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Nigel's surgery 94: NHS services delivering online primary care

  • Organisations we regulate,
  • GP and GP out-of-hours services

NHS GP practices are increasingly providing online services as patients demand faster and more convenient access.

These services include:

  • making appointments
  • ordering repeat medicines
  • patients seeing their clinical record
  • digital consultations.

The NHS Long Term Plan sets out digital transformation ambitions. It aims that every patient in England can access digital services and health information from their GP by 2023/24. The GP contract five-year framework plans extra IT funding so all patients can access digital-first primary care by 2021. This would include web and video consultations.

Providers must consider

The way you deliver services affects how safe they are.  The use of technology in healthcare is a continually developing field. Innovative ways of connecting patients and clinicians must not have detrimental impact to safe and effective care.

Establishing a patient’s identity

You must confirm who is seeking treatment, including their age and gender. Use the NHS Digital standards, NHS login, to establish online identity.


Safeguarding systems must reflect the scope of practice and the type of online service offered. This includes:

  • is the service is being provided in real-time?
  • are children are being treated?
  • across what geographical area are you delivering care?

Treating children

Take reasonable steps to be sure that any adults involved in the consultation:

  • have parental authority and
  • are able to provide consent on behalf of the child.

Assessing capacity and consent

The Mental Capacity Act (2005) applies in the online environment in the same way as for face to face settings. Staff should understand that patients must consent to care and treatment in line with legislation and guidance. They should ask for this consent.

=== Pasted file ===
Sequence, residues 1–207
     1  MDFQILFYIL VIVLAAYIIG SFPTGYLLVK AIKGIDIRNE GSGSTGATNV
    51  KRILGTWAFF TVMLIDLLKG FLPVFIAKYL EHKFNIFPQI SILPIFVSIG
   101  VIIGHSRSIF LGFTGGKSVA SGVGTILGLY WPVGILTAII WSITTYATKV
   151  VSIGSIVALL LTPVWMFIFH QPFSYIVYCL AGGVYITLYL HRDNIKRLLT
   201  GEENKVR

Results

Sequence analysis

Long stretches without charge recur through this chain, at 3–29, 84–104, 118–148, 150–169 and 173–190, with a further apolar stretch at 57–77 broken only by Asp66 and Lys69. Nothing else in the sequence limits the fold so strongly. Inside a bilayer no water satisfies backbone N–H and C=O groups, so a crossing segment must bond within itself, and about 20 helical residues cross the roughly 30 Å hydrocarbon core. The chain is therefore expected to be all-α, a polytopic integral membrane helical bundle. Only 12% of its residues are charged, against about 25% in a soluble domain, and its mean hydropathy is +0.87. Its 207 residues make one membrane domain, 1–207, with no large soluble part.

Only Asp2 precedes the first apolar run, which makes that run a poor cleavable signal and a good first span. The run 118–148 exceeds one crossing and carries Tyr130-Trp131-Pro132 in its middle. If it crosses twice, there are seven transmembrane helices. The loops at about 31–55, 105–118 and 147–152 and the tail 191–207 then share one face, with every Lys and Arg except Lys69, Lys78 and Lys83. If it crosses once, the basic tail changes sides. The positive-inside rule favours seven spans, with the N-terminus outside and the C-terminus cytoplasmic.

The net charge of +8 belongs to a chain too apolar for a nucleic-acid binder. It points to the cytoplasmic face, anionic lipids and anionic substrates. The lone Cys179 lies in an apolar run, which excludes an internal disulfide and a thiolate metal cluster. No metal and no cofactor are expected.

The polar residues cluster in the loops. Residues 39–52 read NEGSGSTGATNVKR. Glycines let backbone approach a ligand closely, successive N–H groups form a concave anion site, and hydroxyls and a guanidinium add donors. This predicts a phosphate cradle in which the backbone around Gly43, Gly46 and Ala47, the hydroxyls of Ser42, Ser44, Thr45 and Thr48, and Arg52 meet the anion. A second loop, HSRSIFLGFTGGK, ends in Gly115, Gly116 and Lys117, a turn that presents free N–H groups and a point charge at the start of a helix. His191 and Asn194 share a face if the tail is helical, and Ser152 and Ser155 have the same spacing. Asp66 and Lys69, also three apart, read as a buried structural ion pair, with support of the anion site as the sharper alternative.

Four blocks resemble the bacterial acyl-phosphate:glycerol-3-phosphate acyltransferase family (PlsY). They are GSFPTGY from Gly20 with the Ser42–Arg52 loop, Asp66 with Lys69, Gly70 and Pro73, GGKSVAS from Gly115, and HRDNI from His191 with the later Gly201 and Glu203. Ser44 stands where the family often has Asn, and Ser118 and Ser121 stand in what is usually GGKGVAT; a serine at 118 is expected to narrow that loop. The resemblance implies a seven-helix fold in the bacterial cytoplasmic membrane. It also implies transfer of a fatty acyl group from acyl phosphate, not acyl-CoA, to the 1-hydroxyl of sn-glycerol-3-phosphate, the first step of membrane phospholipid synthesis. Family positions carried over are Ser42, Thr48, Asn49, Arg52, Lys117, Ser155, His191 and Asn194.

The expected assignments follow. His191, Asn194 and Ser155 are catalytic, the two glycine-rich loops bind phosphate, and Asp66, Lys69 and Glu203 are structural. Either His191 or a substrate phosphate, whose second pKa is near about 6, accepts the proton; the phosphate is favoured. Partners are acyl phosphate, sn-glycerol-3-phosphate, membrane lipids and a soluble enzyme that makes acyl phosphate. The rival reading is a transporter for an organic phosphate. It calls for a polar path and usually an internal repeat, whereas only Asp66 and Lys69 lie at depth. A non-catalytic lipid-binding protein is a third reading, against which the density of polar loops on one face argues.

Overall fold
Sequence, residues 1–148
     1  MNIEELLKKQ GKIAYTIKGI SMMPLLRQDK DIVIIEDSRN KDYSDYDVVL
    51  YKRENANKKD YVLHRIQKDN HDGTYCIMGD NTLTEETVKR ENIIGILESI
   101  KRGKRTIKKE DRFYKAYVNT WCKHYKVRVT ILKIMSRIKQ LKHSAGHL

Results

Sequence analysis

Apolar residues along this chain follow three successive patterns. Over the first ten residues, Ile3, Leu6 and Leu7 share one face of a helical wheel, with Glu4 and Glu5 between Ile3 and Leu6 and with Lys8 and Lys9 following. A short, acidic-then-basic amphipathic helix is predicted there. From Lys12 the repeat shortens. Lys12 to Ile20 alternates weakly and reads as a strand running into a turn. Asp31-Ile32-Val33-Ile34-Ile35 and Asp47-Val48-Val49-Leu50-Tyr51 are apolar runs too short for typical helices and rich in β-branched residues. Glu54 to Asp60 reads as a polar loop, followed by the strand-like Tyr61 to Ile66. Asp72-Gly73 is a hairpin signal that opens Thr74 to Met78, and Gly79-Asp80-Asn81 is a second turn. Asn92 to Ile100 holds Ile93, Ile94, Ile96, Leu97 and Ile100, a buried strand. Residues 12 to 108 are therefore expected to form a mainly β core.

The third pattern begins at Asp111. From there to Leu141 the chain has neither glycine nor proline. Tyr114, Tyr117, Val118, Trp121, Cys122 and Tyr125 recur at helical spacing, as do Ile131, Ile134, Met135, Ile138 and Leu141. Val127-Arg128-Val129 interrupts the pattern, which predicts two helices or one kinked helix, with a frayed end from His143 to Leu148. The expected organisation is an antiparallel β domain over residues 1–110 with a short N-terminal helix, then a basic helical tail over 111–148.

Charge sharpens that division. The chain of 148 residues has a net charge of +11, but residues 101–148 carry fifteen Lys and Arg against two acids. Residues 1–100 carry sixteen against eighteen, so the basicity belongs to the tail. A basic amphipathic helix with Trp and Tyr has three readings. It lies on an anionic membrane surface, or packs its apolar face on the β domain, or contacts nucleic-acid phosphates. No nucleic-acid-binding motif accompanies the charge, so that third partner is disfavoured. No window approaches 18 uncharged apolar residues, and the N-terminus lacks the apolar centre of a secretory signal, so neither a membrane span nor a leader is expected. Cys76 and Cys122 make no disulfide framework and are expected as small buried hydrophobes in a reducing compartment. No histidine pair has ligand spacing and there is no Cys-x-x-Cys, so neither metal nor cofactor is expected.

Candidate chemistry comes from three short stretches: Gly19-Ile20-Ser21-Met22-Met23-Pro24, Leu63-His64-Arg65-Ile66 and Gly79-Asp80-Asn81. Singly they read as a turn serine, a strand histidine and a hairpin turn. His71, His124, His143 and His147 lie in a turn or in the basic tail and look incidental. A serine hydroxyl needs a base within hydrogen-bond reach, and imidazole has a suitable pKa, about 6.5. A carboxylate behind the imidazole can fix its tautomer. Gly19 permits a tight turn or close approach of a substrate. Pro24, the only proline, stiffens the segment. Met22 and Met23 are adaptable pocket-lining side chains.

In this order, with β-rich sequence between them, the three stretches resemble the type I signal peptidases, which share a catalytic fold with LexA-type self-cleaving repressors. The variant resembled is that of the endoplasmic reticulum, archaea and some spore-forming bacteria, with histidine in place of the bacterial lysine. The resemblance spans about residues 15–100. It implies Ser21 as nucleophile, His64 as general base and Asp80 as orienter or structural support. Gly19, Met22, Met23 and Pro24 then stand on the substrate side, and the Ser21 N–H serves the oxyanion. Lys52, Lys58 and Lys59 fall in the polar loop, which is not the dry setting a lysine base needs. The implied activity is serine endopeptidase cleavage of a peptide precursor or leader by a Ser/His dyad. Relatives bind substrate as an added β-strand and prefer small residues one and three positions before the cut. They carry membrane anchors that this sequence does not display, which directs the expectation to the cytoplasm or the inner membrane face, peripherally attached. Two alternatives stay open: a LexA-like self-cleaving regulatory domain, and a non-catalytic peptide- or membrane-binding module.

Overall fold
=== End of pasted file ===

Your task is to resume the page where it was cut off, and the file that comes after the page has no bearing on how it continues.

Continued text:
You need effective systems to:

  • identify issues relating to medical capacity
  • perform the appropriate assessments.

Sharing information with other services

Appropriate information sharing contributes to clinical continuity and safe care. You should fully understand how patient data is used and, obtain and record valid consent. GMC guidance Good practice in prescribing and managing medicines and devices includes:

  • sharing appropriate information relating to patient care
  • patient consent for sharing information.

Retaining clinical records safely

Keep records in line with Department of Health and Social Care guidance. This includes making arrangements if you cease to trade. Within the NHS there are systems in place to facilitate this.

Information governance

Store patient information so it is secure and confidential. All communication methods, including email and video-conferencing, must meet information governance standards. You must carry out consultations in private and maintain the patient’s confidentiality.

Health-related apps

The NHS App library lists NHS-approved apps. If you recommend a healthcare app that is not from this library to a registered patient you must be assured it is safe and effective.

How we inspect NHS providers that offer online services

We use additional prompts alongside our assessment framework for healthcare services:

We do not regulate standalone healthcare apps or symptom checkers.

More information

Last updated:
18 July 2019